US Olympic Synchronized Swimming Team 2012: Updated News & Analysis

Avi Wolfman-Arent@@awolfmancomethCorrespondent IIJune 20, 2012

US Olympic Synchronized Swimming Team 2012: Updated News & Analysis

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    After failing to medal in Beijing, the United States' synchronized swimming team seeks redemption at the 2012 London Olympics.

    The noble cause took a hit, however, when America failed to secure a place in the team competition for the first time in its Olympic history.

    That setback left America with just one synchro hope: a sole entrant in the duet competition.

    For more on the surviving duo and their medal chances, read on.


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    Team USA will send two athletes to London in synchronized swimming.

    Mary Killman and Mariya Koroleva qualified for the duet competition by finishing seventh at the FINA Olympic Games Qualification Tournament in April. Each will be making their first Olympic appearance.

    Caitlin Stewart will serve as an alternate.

    At the same meet, the U.S. came up short in its bid to qualify for the team competition. Needing a top-three finish to secure an Olympic spot, the Americans finished sixth.

    This marks the first time since the introduction of the team competition in 1996 that the U.S. has failed to qualify.

Meet the Team

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    America's medal hopes in synchronized swimming rest on the shoulders of its only two entrants: Mary Killman (left) and Mariya Koroleva (right).

    Get to know 'em, why don't ya?


    Mariya Koroleva

    Koroleva, a Russian-born Stanford standout, has been on the national scene since her first appearance at junior nationals in 2004. The 22-year-old earned two silvers at the 2011 Pan-American Championships, one in duet and one in the team competition, and she holds a special affinity for tuna melts. To learn more about Mariya, follow her Olympic blog.


    Mary Killman

    A fixture for Team USA over their best three seasons, 21-year-old Mary Killman was named USA Synchro Athlete of the Year in  2010 and 2011. Her seven appointments to the national team rank second among active swimmers behind veteran performer Leah Pinette. Oklahoma-born and Texas-raised, Killman is part-Native American and a registered member of The Citizen Potawatomi Nation.


    And when they get together...

    Koroleva and Killman have never competed together at a major international competition, but Killman finished ninth in the technical competition and eleventh in the free competition  with Lyssa Wallace at the 2011 FINA World Championships.

    The duo's most high-profile combined effort came at the 2011 Pan-American Games, where they finished second to a team from Canada.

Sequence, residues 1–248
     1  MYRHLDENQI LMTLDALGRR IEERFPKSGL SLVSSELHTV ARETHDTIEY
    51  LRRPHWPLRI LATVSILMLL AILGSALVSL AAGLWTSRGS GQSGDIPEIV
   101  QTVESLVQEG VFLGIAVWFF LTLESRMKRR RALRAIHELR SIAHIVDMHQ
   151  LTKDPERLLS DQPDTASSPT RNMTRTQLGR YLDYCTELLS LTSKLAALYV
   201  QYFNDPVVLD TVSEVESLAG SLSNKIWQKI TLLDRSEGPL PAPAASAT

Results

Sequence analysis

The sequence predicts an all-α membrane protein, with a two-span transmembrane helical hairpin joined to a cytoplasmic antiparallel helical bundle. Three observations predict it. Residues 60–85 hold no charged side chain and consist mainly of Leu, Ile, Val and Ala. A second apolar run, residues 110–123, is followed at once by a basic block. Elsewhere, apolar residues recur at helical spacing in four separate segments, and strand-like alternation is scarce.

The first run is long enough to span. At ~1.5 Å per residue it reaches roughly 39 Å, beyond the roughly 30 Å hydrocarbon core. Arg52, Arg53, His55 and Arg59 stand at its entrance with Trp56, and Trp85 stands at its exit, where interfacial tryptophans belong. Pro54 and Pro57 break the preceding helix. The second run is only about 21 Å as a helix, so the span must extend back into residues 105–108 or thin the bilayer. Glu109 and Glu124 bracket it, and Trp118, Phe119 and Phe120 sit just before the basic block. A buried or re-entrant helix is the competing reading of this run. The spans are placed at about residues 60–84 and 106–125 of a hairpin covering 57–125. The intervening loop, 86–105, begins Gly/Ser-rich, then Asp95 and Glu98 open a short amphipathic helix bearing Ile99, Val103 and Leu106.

Surveying the World Scene

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    Russia is the undisputed top dog of the synchronized swimming world.

    The Russians captured first place in all seven events at the 2011 World Championships and captured both available gold medals at the last three Olympiads. Natalia Ishchenko is the star with 17 World Championship medals to her name and a team gold from Beijing.

    Other top contenders include Spain, Japan, Canada and the fast-rising Chinese.

Quick Facts

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    Competition Dates: August 5-10

    Olympic Venue: London Aquatics Centre

    U.S. Medal History: 9 total (5 gold, 2 silver, 2 bronze), second all-time

    Most Decorated Athlete: Tracie Ruiz-Conforto (3 medals: 2 gold, 1 silver)

    Competition Rundown: Olympic synchro consists of two events—the duet competition and the team competition. The original Olympic synchro program featured a solo competition, but that has since been eliminated. In both duet and team, entrants swim a technical and a free routine. The technical routine emphasizes skill execution and accuracy. The free routine highlights creativity and artistry.

    There is no men's synchro competition.


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    For the second consecutive Olympiad, it looks like Team USA will leave town without a medal in synchronized swimming.

    The Russians are virtually locked in the top spot, leaving Spain and China to jockey for silver and bronze.

    American duo Koroleva and Killman should finish in the top twelve during preliminaries and earn a spot in the final round, but don't expect much more.

    A top ten finish would suffice. A top five finish would be a pleasant surprise.

    Unfortunately for the U.S., this isn't a discipline known for Olympic surprises.  The Americans should settle in right around ninth.